1) I play it on a 13" screen - the only issue I have is a bit of cut off text in the planet info box when there's a lot of info to display there, but 98% of the time it's info I don't miss, and the other 2% I just use the new Shadows "expand window" thing. And I've never had trouble reading the actual font there or an any other menu - I bought the game when Shadows was released, so I can't tell you how much it's improved, but I see it as a non-issue.
2) Confession: I've never played either of those games. The crucial thing to understand about the AI in Distant Worlds is that it has very little intrinsic interest in :killing: you. It wants to reach the victory conditions set at the start of the game. Though it varies some from race to race, the AI prefers to expand non-violently when possible - and it's probably a good thing, as prolonged fighting would set it behind the curve of other empires. But this gives the player a lot of time and room to maneuver, and unless another empire gets a cascading, runaway-type victory or a powerful empire decides it wants you dead, you can usually reach a turning point where from then on out you are bound to win. IMO, though, the game is fun far beyond that point, as even with a lead over the other empires there are a LOT of challenges left to overcome to reach victory. Learn how to customize the victory settings and you can set it to win just as things start to get tedious. Also, I like upping the aggression setting - on Chaos, the AI is VERY war-happy in the classic age, making the early game a big challenge, and while in the Age of Shadows the pirates keep the empires working together at the start, the politics get very interesting later on.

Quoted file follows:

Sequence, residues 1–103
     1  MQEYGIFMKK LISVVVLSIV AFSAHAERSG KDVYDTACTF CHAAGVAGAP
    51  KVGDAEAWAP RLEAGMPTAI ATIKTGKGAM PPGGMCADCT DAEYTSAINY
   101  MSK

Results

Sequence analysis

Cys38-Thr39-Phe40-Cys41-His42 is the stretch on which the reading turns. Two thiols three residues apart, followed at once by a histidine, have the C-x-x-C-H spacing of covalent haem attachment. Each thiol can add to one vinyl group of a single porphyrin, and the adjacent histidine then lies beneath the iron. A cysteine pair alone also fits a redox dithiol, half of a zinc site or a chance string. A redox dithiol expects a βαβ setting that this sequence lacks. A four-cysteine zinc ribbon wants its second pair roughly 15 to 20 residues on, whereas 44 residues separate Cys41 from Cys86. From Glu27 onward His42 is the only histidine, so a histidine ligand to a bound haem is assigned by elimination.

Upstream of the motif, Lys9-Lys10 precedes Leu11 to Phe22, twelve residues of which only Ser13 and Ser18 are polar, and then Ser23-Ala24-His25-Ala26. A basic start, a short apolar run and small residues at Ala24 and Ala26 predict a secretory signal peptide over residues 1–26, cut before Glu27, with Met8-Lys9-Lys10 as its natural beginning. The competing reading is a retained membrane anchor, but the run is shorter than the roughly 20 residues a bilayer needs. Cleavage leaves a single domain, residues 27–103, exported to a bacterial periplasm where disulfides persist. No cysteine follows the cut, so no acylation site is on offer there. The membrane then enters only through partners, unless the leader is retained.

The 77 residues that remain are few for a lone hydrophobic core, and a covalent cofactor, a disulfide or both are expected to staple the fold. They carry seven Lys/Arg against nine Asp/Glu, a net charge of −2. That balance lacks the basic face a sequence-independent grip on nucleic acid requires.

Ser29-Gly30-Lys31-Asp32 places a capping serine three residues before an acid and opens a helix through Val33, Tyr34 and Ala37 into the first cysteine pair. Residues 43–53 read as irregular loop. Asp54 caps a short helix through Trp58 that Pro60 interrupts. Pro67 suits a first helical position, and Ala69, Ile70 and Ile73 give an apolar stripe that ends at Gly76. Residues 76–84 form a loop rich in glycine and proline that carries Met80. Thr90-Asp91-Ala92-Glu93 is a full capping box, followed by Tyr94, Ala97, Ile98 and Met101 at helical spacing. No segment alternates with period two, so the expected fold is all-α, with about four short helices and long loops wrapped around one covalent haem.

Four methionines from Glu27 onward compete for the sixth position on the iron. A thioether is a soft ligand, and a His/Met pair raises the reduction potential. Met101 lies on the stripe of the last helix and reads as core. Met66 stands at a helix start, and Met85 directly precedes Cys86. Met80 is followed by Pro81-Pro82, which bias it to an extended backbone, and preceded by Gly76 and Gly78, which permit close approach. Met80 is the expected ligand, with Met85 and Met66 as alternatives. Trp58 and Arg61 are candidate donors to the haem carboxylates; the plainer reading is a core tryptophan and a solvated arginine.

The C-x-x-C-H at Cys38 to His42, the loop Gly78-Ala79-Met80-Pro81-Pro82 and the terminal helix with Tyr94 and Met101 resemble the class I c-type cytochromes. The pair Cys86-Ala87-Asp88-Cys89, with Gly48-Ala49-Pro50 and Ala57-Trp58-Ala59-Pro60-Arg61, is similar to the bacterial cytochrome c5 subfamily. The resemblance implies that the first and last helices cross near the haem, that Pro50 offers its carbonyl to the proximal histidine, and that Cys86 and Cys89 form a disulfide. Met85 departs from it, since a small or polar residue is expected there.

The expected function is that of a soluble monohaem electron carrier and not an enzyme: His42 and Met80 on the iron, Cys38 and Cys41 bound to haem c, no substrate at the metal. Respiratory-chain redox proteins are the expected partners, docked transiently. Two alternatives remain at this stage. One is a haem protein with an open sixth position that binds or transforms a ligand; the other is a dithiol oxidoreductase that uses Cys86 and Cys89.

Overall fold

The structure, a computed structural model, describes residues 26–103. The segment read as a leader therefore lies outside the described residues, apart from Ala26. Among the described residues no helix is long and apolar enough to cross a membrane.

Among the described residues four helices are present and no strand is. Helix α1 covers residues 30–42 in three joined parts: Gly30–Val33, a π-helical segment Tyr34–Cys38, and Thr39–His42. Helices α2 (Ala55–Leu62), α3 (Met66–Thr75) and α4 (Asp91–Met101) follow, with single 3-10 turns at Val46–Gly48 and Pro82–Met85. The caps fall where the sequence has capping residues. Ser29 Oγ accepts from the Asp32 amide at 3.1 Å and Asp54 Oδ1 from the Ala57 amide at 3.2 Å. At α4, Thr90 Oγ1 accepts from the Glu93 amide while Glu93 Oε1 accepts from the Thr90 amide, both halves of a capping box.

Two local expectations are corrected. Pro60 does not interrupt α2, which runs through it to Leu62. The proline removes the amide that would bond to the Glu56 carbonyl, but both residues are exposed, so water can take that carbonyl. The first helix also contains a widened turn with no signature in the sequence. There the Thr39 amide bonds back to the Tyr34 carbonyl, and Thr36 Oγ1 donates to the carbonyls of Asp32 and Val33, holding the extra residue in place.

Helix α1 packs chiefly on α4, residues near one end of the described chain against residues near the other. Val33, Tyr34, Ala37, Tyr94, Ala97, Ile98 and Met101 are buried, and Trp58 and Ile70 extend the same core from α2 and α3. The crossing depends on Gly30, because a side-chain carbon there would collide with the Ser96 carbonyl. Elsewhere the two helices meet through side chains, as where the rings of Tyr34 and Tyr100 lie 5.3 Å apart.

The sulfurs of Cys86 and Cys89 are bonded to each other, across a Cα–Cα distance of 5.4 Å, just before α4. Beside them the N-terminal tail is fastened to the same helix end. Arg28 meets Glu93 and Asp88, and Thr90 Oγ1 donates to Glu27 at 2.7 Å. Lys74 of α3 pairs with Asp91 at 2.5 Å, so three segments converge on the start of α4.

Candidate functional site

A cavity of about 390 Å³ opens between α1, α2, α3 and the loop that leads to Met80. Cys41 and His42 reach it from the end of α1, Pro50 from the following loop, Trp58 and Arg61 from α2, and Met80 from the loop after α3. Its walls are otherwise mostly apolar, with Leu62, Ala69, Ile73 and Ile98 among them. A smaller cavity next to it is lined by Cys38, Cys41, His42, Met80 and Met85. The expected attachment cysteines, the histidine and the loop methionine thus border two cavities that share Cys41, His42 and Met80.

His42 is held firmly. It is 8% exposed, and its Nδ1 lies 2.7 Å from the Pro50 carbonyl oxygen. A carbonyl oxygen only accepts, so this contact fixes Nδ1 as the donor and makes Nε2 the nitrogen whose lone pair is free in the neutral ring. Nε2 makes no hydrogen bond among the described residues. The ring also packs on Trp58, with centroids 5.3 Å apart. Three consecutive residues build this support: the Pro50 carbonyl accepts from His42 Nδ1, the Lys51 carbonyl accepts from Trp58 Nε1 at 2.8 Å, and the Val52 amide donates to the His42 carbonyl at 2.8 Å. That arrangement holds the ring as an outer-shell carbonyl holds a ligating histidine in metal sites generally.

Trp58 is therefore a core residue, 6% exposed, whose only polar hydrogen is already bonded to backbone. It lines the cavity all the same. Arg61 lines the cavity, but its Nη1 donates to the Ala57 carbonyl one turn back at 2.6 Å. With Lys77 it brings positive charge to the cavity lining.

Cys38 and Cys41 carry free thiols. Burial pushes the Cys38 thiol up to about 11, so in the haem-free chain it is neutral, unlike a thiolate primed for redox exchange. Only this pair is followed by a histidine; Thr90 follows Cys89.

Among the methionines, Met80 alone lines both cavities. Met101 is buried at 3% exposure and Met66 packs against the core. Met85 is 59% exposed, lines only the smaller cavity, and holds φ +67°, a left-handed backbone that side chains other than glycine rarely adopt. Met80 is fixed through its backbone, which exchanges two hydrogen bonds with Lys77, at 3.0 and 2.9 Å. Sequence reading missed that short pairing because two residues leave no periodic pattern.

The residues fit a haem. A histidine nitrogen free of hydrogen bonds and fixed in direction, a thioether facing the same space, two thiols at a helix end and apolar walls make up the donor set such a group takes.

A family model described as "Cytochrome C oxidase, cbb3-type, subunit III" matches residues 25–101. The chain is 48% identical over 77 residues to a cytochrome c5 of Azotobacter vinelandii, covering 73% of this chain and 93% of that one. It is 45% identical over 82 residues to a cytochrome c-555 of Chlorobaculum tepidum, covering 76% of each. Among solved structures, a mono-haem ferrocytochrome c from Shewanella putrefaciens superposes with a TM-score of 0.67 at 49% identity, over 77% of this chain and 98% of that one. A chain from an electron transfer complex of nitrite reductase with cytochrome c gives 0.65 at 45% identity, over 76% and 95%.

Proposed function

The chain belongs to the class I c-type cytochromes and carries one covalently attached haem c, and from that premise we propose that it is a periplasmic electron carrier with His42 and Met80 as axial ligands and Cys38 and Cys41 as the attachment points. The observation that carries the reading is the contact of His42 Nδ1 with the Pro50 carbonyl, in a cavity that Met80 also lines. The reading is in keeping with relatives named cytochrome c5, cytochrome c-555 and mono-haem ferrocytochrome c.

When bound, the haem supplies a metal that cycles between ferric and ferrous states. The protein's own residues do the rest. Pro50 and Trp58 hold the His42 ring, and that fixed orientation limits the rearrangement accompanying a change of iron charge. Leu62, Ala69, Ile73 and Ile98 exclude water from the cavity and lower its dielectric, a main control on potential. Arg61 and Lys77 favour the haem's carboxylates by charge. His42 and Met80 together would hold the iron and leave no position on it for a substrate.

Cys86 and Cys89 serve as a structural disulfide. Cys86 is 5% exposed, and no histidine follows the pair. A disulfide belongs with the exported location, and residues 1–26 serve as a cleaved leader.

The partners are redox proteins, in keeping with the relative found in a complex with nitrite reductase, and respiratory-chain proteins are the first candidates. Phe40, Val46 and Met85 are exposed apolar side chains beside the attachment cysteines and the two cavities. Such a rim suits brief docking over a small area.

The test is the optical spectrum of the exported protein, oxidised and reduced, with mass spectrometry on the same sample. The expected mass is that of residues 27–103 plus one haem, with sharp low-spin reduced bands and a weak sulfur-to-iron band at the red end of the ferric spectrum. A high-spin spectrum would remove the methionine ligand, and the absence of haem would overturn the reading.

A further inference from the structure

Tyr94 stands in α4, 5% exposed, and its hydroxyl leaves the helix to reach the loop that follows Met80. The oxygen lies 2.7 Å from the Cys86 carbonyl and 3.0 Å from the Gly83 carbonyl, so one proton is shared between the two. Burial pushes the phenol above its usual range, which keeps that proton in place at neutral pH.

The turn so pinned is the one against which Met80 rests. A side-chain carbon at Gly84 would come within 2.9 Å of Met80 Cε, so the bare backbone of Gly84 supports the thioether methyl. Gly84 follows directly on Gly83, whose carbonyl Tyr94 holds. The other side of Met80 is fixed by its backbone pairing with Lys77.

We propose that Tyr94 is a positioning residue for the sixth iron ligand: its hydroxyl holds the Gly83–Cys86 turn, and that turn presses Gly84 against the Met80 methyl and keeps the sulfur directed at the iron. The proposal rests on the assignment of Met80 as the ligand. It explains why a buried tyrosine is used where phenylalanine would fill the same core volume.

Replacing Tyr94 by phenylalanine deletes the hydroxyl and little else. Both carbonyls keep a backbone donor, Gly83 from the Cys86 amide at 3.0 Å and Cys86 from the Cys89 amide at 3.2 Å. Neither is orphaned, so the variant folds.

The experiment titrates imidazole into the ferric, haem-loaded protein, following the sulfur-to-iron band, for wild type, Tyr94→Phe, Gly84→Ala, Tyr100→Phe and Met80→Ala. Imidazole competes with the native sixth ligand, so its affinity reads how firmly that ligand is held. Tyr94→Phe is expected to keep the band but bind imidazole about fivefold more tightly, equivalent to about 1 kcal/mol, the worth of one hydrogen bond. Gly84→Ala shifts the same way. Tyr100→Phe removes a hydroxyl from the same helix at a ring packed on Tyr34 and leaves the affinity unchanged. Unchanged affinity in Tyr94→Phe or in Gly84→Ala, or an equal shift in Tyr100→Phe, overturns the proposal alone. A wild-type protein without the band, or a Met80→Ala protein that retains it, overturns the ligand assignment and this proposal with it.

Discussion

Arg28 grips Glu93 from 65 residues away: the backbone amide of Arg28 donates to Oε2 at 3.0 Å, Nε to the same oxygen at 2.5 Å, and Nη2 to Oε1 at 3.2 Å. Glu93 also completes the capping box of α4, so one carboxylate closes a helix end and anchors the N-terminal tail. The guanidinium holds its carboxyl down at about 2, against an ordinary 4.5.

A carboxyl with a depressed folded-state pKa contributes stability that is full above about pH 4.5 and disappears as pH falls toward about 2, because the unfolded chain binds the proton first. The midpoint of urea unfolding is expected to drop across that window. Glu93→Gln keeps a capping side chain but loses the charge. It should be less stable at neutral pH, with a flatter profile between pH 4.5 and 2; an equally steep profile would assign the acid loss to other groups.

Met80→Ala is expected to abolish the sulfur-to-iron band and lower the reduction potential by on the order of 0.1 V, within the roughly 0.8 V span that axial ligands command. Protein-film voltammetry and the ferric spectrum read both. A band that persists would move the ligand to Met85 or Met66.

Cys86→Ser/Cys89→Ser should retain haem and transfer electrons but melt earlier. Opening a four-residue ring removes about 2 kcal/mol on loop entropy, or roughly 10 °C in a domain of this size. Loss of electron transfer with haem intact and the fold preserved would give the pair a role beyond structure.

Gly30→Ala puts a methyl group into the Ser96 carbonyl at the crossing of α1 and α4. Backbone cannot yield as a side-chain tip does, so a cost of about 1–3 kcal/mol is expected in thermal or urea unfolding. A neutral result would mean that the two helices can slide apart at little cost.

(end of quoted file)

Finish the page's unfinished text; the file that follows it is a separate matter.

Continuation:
3) Is the game fun? If you don't mind games lasting many hours and enjoy the huge number of, well, numbers in the game, then YES. Does it get repetitive? Well, sorta. I play on all manual settings; I spend a lot of time queuing constructors, redesigning ships with a new component, retasking spies, assigning new missions to scouts, over and over again. But I still enjoy the game because the small-scale repetition is part of a larger strategic goal that is extremely nuanced as a result of all the different elements included in the game. I've never played the same initial conditions twice, in fact I doubt I've explored even 5% of the settings I'd be interested in, and yet I bet I could play the same setup many times before the strategic layer got noticeably repetitive.